I Think I Have an Ovarian Cyst, Now What?

Cysts and masses can be hard to spot, so let’s review when it’s time to visit your OB/GYN.
ovarian4-min

Sometimes it can be challenging to determine when to visit your doctor—we’ve all been there, especially when it comes to hidden threats like ovarian cysts and masses. How are you supposed to know if you have one? Unfortunately, there’s no easy answer, but we do know early detection is key in preventing cyst growth and ovarian cancer. Let’s review some of the signs and ways you can protect yourself.

 

What is a Cyst? 

It’s a sac that fills with fluid and forms inside your ovary. Your period cycle causes most cysts to form. Functional cysts are the most common type. The two types of functional cysts are follicular and corpus luteum. Other types of cysts are dermoid, cystadenomas, and endometriomas, but these are not affected by your period functions and are less common. 

 

Signs and Symptoms 

Most of the time there are very few indicators that you have a cyst. In fact, most of the time, cysts go away on their own. The following are warning signs to be aware of in case something more is going on: 

  • Pain in the abdomen
  • Issues with urination, involving not being able to go or going too often 
  • Pain in lower back
  • Pain during sex
  • Painful periods
  • Weight gain
  • Nausea
  • Feeling full too quickly or not eating 

 

What Does a Cyst Feel Like? 

This depends on whether or not the cyst has ruptured or is bleeding, both of which can cause severe pain. 

If you’re experiencing extreme abdominal pain or pelvic pain, along with fever or vomiting, you may have a cyst.

 

Visit Your OB/GYN

If you’re experiencing any of the symptoms above, schedule an appointment with your OB/GYN right away. A gynecologist is the best specialist to contact if you have questions about potential cysts, masses, or tumors.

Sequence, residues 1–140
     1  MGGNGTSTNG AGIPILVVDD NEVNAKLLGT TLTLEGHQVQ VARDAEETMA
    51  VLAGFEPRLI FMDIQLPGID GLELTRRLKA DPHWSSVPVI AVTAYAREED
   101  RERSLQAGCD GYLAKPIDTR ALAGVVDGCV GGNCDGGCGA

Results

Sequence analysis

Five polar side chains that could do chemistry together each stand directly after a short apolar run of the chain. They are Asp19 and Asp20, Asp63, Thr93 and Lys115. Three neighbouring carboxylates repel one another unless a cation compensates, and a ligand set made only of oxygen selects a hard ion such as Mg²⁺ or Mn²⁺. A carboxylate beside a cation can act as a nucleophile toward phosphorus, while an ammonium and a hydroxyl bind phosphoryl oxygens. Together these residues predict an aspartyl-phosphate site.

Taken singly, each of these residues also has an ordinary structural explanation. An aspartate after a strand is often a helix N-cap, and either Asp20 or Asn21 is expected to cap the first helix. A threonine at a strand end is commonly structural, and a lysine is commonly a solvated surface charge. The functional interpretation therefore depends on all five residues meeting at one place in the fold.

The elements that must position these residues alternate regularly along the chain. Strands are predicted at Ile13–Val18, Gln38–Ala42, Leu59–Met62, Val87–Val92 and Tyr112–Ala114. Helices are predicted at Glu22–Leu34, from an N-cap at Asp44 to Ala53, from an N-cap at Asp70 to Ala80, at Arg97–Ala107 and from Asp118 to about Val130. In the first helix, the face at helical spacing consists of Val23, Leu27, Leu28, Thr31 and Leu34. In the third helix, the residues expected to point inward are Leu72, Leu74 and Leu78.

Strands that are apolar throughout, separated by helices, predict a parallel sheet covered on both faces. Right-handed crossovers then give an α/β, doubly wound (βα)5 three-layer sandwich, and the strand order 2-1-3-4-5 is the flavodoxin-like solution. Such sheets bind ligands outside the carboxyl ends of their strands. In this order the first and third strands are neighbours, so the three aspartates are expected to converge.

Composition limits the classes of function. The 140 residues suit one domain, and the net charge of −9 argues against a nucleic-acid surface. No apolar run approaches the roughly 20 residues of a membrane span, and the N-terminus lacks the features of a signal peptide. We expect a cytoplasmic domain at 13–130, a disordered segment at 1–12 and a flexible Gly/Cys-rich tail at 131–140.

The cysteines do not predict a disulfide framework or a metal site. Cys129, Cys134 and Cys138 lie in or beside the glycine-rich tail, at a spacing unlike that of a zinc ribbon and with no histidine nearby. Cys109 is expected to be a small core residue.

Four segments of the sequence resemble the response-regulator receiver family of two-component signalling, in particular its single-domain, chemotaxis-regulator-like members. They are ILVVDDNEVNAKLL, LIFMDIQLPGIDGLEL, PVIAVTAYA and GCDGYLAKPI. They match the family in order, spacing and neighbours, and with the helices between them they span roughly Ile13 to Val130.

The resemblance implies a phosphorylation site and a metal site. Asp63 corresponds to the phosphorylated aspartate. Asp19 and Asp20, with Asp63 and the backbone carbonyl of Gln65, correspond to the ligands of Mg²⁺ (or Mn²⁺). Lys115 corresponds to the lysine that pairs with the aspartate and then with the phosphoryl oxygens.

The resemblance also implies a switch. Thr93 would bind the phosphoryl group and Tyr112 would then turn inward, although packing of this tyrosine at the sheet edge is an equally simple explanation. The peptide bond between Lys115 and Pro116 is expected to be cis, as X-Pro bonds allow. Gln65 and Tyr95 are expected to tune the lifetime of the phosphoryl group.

Your doctor will first administer a pelvic exam and if anything appears abnormal, they will continue to run tests, such as:

  • Checking your hormone levels.
  • Completing an ultrasound to get a better view of the ovaries.
  • Running imaging tests.
  • Performing a laparoscopy, a type of surgical procedure.
  • Your doctor will walk you through each of these steps, if necessary. 

 

Are There Ways to Monitor Cysts or Masses? 

The best way to proactively monitor growth in your ovaries is to schedule routine pelvic exams with your OB/GYN. According to The American College of Obstetricians and Gynecologists, a yearly exam is recommended for women 21 and up to protect overall wellness. 

 

Treatments

If a cancerous or harmful tumor is spotted, your OB/GYN may choose one of the following forms of treatment: surgery, chemotherapy, hormone therapy, or possible radiation therapy to help fight or remove the disease.

No two diseases are the same, so each patient’s treatment will look different. That’s why it’s imperative to schedule an appointment with your doctor if you have questions or are experiencing symptoms. Don’t put off your next OB/GYN checkup; early detection is necessary to spot a growth in your reproductive organs and prevent harm. 

 

Still have questions about potential cysts and masses? Contact Carrie Snyder, the Beebe Women's Health Nurse Navigator, at (844) 316-3330, or email womenshealth@beebehealthcare.org.